‘Some GP’s and the general population do not consider these people are having sex so do not initiate a conversation and this is where missed opportunities to test and diagnose occur. 

‘HIV is not the death sentence it once was. The earlier people get tested, the earlier they can be started on treatment.’

People living with HIV who are diagnosed late have been unaware of their HIV infection on average for around three to five years. During this time, they may transmit the virus on to  others. 

They have a ten-fold greater risk of dying within a year compared to those diagnosed promptly.   

Ms Dhumma, of NAT said: ‘Older people living with HIV are also more likely to experience loneliness and other long-term conditions alongside HIV that mean that their care needs can be more complex.’  


Since the start of the AIDS epidemic in the 1980s, more than 77million people have become infected with HIV. 

Almost half of them – 35.4million – have died of AIDS, according to estimates.

Up until the 1980s, it is not known how many people were infected with HIV or developed AIDS. 

HIV was poorly understood and transmission was not accompanied by any noticeable signs or symptoms.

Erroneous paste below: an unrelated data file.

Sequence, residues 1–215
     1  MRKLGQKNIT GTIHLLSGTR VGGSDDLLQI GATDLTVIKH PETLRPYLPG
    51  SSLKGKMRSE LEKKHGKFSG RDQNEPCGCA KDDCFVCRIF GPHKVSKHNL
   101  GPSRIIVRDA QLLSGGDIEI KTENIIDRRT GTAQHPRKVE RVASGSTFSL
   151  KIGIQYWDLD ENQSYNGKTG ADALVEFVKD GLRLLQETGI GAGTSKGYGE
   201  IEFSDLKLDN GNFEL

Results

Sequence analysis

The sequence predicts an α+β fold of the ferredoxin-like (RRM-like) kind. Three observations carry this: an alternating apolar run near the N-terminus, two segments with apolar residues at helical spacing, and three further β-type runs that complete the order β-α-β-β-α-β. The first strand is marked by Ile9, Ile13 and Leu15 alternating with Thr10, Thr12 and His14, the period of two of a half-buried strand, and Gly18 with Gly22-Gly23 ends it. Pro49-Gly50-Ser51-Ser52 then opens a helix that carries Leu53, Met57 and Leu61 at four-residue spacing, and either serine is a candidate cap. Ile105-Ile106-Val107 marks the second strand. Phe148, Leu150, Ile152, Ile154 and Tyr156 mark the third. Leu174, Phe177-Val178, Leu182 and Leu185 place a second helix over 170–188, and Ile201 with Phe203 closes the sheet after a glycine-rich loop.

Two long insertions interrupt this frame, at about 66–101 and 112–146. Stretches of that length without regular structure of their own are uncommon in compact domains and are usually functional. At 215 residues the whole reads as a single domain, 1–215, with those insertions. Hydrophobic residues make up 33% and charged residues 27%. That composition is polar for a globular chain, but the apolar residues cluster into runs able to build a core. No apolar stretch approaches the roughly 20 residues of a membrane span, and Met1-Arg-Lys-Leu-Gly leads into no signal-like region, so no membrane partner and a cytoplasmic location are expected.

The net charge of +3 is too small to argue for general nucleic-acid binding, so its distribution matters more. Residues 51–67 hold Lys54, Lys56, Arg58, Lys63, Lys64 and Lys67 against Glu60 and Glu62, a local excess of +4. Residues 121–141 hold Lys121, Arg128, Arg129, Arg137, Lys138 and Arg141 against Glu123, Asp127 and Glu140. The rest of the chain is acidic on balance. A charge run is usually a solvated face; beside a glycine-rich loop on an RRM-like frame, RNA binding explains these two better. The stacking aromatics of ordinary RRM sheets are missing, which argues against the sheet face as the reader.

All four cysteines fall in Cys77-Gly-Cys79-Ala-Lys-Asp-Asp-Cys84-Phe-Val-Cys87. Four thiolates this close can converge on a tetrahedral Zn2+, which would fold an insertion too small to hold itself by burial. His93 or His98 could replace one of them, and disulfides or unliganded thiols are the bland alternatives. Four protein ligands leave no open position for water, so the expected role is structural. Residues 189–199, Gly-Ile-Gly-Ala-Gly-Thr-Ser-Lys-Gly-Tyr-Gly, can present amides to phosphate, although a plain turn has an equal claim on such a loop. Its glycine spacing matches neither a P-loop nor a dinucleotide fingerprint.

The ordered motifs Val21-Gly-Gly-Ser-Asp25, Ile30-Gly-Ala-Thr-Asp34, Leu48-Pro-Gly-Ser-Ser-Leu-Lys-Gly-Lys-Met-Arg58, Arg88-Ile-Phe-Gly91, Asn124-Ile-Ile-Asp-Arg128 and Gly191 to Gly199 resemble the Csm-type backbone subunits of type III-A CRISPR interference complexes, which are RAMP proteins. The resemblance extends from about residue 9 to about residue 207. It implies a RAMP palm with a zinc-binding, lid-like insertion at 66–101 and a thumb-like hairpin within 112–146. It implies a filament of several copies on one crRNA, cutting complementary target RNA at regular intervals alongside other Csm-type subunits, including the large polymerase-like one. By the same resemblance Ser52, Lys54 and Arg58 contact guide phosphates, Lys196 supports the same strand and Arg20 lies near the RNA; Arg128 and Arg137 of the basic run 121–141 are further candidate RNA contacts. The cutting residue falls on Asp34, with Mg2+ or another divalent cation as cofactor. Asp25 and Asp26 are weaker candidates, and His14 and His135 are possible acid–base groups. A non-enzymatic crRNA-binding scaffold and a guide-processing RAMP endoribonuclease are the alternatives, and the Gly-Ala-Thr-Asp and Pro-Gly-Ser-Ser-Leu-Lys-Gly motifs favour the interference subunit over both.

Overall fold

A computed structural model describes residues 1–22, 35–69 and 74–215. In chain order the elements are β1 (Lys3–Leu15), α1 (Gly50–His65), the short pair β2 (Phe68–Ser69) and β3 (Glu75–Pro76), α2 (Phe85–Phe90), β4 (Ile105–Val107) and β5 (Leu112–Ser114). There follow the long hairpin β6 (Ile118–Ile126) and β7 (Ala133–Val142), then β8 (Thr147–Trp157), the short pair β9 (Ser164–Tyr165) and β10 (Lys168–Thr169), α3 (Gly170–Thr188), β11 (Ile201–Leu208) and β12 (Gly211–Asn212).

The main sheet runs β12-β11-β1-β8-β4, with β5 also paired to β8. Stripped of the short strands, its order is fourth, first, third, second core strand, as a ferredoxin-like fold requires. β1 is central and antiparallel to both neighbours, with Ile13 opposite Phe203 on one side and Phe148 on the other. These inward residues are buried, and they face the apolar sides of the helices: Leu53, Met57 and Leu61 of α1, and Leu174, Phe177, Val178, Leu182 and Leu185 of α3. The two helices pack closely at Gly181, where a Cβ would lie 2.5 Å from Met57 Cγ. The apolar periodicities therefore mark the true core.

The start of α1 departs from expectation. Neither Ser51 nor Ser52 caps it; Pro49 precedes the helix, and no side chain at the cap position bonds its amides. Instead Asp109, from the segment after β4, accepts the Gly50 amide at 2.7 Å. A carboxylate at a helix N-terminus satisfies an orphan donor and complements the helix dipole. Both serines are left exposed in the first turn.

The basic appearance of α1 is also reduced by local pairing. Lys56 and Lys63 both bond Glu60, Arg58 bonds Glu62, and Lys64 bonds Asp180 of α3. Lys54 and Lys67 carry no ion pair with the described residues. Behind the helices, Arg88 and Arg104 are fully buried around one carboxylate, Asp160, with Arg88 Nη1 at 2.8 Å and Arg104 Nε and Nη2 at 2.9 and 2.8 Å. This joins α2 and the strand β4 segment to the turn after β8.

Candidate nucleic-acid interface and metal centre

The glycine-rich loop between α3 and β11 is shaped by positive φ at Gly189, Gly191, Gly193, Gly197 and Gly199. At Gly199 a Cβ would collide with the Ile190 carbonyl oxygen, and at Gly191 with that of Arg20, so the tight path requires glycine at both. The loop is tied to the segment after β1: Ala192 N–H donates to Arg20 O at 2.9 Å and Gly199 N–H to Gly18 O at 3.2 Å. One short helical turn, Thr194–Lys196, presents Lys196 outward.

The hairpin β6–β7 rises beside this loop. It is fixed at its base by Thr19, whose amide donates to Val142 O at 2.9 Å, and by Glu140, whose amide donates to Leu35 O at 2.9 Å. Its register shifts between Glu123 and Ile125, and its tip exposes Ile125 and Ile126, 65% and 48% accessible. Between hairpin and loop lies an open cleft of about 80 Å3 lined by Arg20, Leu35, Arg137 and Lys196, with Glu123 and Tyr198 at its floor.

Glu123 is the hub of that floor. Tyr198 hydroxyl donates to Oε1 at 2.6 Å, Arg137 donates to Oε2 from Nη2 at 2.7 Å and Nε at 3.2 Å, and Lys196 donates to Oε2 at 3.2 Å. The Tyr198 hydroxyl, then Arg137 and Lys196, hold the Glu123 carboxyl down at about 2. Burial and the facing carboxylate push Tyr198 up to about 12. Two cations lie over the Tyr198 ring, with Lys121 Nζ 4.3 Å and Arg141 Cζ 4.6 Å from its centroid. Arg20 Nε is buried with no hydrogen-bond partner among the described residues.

Doctors mistakenly labelled it as ‘Gay-Related Immune Deficiency’ (GRID) at first, noticing that immune deficiency often struck gay men.

In 1982, the CDC in the US used the term ‘AIDS’ (acquired immune deficiency syndrome) for the first time. AIDS cases were also being reported in a number of European countries.

In 1983, AIDS was reported among the female partners of men who had the disease suggesting it could be passed on via heterosexual sex.

In November, the World Health Organization (WHO) held its first meeting to assess the global AIDS situation and began international surveillance, by which time the number of AIDS cases in the USA had risen to 3,064 – of this number, 1,292 had died.

By the end of 1985, every region in the world had reported at least one case of AIDS, with 20,303 cases in total.

In 1987, the FDA approved the first antiretroviral drug, zidovudine (AZT), as treatment for HIV.

The number of reported AIDS cases in the USA reached 100,000 in 1989. 

AIDS and HIV in the 1990s and beyond 

In 1991, Freddie Mercury, lead singer of rock group Queen, announced he had AIDS and died a day later.

Through the 90s, various vaccines, testing kits and treatments were developed across the world.

But in 1999, the WHO announced that AIDS was the fourth biggest cause of death worldwide and number one killer in Africa. 

HIV continues to be a major global public health issue. In 2017 an estimated 36.9million people were living with HIV, including 1.8million children. Around 25 per cent of these people do not know that they have the virus.

If someone with HIV is taking medication and has an undetectable viral load, they cannot pass on the virus. 

Source: Avert